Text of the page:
In late 2015, Bill Hardgrave, dean of Harbert College (now Auburn’s Provost), called a group together and asked three questions. (1) Where are we in entrepreneurship compared to the leading U.S. university programs? (2) Where do we want to be in the next five years? and (3) What will it take to get there?
Three great questions—and the same three questions that any potential donor interested in making a gift might ask. To our good fortune, one did so, which added urgency to our work.
We studied 25 other universities in Alabama, the SEC, and the country. And to understand the role of geography, we included universities that are a similar distance from a major metropolitan area. We examined their programs and how they were described to prospective students. While today’s best practices are an important reference point, we queried program leaders about what the ideal program would look like in five years. And we asked successful entrepreneurs about the skills necessary to develop future entrepreneurs.
The leading programs shared a similar vision and had programs and initiatives focused on four major activities:
Faculty and staff pushing the frontiers of entrepreneurial research by studying the behavior of individuals who start and manage businesses. In so doing, these programs bring together academics and successful entrepreneurs to generate the knowledge that drives thought and practice.
With successful entrepreneurs and faculty, educating students on how to develop and evaluate ideas for new products or services, and how to turn those opportunities into successful, ongoing enterprises.
Building campus-wide experiential learning programs that complement teaching with hands-on, real-world activities. Student teams compete for start up funding, start, operate, manage, and grow a business. Collaborating with university and community economic development activities, to create a vibrant entrepreneurial eco-system that nurtures and retains young entrepreneurs.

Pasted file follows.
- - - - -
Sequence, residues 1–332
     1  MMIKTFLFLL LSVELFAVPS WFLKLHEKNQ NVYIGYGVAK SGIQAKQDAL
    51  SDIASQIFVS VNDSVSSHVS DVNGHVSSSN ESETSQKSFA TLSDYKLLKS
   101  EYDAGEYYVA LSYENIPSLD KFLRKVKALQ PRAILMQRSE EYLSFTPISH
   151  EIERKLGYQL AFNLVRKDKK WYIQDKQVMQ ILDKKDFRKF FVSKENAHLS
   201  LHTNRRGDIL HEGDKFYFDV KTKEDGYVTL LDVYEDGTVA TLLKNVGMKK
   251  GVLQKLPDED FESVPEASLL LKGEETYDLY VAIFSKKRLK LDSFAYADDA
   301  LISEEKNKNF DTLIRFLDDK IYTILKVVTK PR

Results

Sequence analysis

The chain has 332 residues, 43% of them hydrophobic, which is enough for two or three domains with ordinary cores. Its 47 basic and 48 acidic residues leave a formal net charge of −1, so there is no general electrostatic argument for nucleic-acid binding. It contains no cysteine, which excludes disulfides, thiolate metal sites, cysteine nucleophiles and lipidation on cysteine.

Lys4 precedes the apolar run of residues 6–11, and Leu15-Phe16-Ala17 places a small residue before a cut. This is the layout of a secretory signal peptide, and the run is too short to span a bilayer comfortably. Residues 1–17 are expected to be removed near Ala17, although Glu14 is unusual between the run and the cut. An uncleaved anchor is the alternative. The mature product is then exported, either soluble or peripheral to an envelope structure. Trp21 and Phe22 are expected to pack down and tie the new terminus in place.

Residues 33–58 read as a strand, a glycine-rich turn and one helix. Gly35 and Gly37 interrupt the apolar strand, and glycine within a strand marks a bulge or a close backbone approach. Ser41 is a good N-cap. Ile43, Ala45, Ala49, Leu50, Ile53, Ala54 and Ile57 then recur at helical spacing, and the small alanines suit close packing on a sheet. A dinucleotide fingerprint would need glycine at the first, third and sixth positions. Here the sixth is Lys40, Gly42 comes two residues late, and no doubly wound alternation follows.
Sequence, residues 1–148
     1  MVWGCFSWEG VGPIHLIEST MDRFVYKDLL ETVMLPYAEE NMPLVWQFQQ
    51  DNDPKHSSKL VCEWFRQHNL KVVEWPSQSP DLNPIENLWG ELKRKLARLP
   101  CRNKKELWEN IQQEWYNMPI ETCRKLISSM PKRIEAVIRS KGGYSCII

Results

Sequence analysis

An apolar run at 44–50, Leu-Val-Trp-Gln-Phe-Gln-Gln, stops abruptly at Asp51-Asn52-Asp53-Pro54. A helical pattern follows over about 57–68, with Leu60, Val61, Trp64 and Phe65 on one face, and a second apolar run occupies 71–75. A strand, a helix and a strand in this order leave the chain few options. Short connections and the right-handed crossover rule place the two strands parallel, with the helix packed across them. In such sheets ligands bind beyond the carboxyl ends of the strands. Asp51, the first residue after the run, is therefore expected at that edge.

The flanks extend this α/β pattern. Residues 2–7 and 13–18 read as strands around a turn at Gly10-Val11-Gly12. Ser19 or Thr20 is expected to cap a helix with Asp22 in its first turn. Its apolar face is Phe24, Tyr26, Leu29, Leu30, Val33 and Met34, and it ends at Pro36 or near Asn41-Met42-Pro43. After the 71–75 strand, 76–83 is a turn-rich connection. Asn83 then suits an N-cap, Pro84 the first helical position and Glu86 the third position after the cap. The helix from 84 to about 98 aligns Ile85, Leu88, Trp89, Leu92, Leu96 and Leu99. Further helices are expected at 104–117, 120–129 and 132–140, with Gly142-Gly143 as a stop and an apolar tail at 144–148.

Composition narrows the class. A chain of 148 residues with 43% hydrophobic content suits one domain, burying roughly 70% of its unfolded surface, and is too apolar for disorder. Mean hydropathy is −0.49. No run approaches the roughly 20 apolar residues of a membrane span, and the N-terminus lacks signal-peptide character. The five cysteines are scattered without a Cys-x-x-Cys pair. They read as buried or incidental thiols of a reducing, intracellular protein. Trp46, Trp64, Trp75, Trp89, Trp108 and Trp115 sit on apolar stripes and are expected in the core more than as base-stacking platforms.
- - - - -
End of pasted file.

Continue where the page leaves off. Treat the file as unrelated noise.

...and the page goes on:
We worked with our academic colleagues and the Auburn Research and Technology Foundation team to craft a strategy and an execution plan tailored to the resources of the university and the surrounding community. This strategy and execution plan are based on: (1) a university-wide focus in our programs and initiatives, (2) a curriculum that successful entrepreneurs believe will maximize the success for our students, (3) experiential learning programs and the physical infrastructure to support them, (4) research that drives thought and practice, (5) initiatives to help build a surrounding ecosystem to provide funding support and facilities for our students after graduation, and (6) short-term and long-term metrics to measure progress and outcomes.
In just the past year, we have:
• Formed an advisory council of successful entrepreneurs from diverse backgrounds, businesses, and geographies;
• Established a faculty incentive program to encourage additional entrepreneurship-related research;
• Opened up introductory entrepreneurship classes for students campus-wide;
• Hosted the Tiger Cage Business Idea Competition with an expanded prize pool over the previous year, and included a Jr. Tiger Cage Business Idea Competition for high school students;
• Conducted our first summer accelerator program for students and faculty researchers and added three Entrepreneurs-In-Residence to assist in coaching and mentoring;
• Partnered with the City of Auburn to run the first Auburn Regional Alabama LaunchPad Business Plan Competition;
• Graduated two student startups from our incubator program and added four new student teams into the program.
Thanks to the support we are receiving across the university, from the Harbert College, the generosity of Benny and Lynn LaRussa, from a match by Raymond J. Harbert, and from the support of other Auburn graduates, we believe we have what we need to take Auburn entrepreneurship to the next level.
The path forward is simple. We must execute our plans with passion and a sense of urgency, keeping in mind that the process is a marathon, not a sprint. And we must constantly remind ourselves that the only constant in the world is change, and if we are to be successful, we must adjust what we do anticipating and reacting to that change. That is, after all, the entrepreneurial mindset.
Director of Entrepreneurship Strategy
Harbert College of Business